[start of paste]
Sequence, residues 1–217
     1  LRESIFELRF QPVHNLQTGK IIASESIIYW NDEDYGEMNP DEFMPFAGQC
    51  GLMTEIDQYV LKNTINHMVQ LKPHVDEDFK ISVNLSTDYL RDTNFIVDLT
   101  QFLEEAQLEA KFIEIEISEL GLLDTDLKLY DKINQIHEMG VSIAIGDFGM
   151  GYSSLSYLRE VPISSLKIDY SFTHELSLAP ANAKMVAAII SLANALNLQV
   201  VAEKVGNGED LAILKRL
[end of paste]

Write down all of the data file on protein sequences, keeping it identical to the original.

Sequence, residues 1–217
     1  LRESIFELRF QPVHNLQTGK IIASESIIYW NDEDYGEMNP DEFMPFAGQC
    51  GLMTEIDQYV LKNTINHMVQ LKPHVDEDFK ISVNLSTDYL RDTNFIVDLT
   101  QFLEEAQLEA KFIEIEISEL GLLDTDLKLY DKINQIHEMG VSIAIGDFGM
   151  GYSSLSYLRE VPISSLKIDY SFTHELSLAP ANAKMVAAII SLANALNLQV
   201  VAEKVGNGED LAILKRL